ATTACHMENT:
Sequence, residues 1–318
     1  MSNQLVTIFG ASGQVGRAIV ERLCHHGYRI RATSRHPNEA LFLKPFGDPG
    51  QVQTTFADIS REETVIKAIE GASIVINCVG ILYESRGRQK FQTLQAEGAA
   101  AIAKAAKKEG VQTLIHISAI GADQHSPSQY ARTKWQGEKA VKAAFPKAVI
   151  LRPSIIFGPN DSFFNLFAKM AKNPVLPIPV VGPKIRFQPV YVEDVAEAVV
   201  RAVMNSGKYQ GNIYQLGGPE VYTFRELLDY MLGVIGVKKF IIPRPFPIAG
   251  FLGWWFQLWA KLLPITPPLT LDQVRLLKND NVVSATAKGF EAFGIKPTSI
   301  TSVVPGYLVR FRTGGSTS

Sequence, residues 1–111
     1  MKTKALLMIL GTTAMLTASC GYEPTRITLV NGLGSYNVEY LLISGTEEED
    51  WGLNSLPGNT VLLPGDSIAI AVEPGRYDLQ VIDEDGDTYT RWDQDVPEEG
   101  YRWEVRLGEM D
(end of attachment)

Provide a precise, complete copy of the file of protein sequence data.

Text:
Sequence, residues 1–318
     1  MSNQLVTIFG ASGQVGRAIV ERLCHHGYRI RATSRHPNEA LFLKPFGDPG
    51  QVQTTFADIS REETVIKAIE GASIVINCVG ILYESRGRQK FQTLQAEGAA
   101  AIAKAAKKEG VQTLIHISAI GADQHSPSQY ARTKWQGEKA VKAAFPKAVI
   151  LRPSIIFGPN DSFFNLFAKM AKNPVLPIPV VGPKIRFQPV YVEDVAEAVV
   201  RAVMNSGKYQ GNIYQLGGPE VYTFRELLDY MLGVIGVKKF IIPRPFPIAG
   251  FLGWWFQLWA KLLPITPPLT LDQVRLLKND NVVSATAKGF EAFGIKPTSI
   301  TSVVPGYLVR FRTGGSTS

Sequence, residues 1–111
     1  MKTKALLMIL GTTAMLTASC GYEPTRITLV NGLGSYNVEY LLISGTEEED
    51  WGLNSLPGNT VLLPGDSIAI AVEPGRYDLQ VIDEDGDTYT RWDQDVPEEG
   101  YRWEVRLGEM D